One such initiative in the UK actually provided solid data to show that things are moving in the right direction. The UK has a strong colocation sector – currently the largest in Europe – and the British government became concerned about its energy use. Wanting to ensure that it was playing its part to meet climate change targets, it looked for ways to cut data center energy use but saw a danger that facilities might move abroad if hit by a punitive tax on energy consumption.
Instead, the government set up a Climate Change Agreement (CCA), whereby colocation data centers could win a reduction in energy tax if they filed detailed reports of energy use and showed a collective improvement in power usage effectiveness (PUE). “We have robust data on the UK colocation market because everyone who is anyone in that market participates in the CCA that requires detailed data on energy use,” Emma Fryer of TechUK told a meeting in Brussels in June. The UK’s colocation sector consumed 2.15TWh of electrical energy during 2015, with maybe another 0.25TWh burned by the providers too small to register in the CCA.
It’s happening all over
The same is true of other countries, and it appears to apply to other parts of the IT universe. In Sweden data centers are delivering massive increases in computing for minimal energy increases, Jens Malmodin of Ericsson told the same meeting, which was hosted by the Europewide industry body Digital Europe.
In Sweden data centers are delivering massive increases in computing for minimal energy increases, and the media consumption is using less energy as people switch to flat panels, and smaller screens such as tablets and phones
It’s often suggested that end-user consumption of online entertainment is growing out of control, or that the network elements of the cloud are increasing to overtake the centralized data center functions.
In fact, Malmodin argued that network equipment energy use is under control, and the power demands of media consumption are actually falling as people switch their consumption to smaller screens such as tablets and phones, and more energy-efficient devices such as flat panels.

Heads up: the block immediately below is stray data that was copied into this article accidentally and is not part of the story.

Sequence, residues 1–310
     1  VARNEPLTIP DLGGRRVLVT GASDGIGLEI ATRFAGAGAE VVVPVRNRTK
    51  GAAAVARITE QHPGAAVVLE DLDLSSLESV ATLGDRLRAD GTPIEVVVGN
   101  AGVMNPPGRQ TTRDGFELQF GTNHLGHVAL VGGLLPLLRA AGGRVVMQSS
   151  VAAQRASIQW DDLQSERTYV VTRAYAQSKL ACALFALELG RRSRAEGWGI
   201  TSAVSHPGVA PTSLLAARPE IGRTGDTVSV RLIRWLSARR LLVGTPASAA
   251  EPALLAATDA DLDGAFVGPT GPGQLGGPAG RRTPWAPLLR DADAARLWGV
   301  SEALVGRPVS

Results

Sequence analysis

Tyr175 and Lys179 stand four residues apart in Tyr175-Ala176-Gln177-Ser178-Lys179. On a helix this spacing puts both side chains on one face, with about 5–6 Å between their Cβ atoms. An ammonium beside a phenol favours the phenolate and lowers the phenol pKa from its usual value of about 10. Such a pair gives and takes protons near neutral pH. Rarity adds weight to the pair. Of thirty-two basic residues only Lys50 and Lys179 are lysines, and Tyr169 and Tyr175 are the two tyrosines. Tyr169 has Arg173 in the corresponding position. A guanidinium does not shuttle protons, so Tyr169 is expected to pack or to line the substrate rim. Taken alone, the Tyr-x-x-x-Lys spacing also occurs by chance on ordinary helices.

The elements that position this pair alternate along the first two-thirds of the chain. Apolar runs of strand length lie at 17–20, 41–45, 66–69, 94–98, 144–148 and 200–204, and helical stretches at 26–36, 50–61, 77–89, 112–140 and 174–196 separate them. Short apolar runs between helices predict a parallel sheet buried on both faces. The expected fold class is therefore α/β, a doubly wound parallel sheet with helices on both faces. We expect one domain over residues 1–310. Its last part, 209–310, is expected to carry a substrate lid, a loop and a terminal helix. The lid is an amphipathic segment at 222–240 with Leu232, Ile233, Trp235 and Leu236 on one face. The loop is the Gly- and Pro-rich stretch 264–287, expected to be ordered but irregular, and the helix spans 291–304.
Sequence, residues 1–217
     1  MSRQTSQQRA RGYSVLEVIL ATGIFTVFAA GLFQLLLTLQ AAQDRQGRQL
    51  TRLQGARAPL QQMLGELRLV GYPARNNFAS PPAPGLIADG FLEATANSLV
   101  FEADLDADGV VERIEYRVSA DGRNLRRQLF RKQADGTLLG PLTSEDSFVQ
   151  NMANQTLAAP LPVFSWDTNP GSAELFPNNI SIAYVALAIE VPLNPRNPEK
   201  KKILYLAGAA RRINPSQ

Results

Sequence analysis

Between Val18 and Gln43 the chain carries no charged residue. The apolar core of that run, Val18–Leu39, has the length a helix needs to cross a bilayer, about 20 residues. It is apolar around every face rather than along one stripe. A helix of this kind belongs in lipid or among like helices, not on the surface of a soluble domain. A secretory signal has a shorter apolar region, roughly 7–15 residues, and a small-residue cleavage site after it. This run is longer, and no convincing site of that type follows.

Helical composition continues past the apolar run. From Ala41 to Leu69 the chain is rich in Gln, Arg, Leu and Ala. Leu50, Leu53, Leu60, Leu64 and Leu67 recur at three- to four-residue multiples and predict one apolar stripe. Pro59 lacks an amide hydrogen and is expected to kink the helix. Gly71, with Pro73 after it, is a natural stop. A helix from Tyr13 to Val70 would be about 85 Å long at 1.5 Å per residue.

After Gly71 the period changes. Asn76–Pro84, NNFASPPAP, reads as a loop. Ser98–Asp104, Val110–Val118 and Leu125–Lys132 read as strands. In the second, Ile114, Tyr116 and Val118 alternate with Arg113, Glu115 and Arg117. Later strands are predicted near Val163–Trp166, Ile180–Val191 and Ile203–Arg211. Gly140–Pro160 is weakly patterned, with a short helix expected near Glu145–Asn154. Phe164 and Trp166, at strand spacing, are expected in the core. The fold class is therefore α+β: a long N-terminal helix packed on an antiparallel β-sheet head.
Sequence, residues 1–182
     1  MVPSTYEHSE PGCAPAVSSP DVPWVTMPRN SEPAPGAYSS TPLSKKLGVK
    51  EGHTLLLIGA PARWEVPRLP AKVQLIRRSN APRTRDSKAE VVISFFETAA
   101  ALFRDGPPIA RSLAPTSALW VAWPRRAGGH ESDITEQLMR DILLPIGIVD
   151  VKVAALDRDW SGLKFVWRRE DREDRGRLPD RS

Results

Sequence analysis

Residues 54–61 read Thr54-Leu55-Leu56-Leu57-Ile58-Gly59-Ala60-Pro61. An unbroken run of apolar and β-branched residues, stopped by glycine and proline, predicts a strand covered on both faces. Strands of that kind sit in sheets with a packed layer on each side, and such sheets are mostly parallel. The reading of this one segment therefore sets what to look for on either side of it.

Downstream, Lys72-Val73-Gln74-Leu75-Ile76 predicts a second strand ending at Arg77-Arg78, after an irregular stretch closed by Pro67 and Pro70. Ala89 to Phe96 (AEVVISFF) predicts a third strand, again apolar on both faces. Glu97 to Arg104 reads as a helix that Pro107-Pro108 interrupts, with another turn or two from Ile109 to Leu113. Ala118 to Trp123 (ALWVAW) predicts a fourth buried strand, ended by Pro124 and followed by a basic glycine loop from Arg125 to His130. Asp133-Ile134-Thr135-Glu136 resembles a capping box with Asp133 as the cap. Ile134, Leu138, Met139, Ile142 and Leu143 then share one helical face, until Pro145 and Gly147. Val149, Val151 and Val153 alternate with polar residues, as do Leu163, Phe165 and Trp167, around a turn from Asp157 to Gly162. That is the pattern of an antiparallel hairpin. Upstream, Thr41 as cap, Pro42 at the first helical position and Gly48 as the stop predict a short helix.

Emerging markets may sometimes be expanding with older versions of technology, and this could contribute some increased energy usage, but in many cases they suffer from a more unreliable power network, giving them more incentive to save energy – and they can do this by jumping straight to more energy efficient operations.
Overall, there’s plenty of evidence that we don’t need to panic about data center energy use.
This article appeared in the July/August issue of DatacenterDynamics magazine
Doing the math
How did the LBNL report calculate US data center energy usage? Here’s a simplified run-through:
• Researchers used figures from IDC on how many servers, network ports and storage units are installed, corrected to take account for the “unbranded” equipment used in webscale data centers, as well as equipment that had been retired
• They sorted the equipment types into 11 categories of data centers
• They calculated power use based on average utilization in each category and multiplied that by the PUE of the data center categories where they were
This article appeared in the July/August issue of DatacenterDynamics magazine.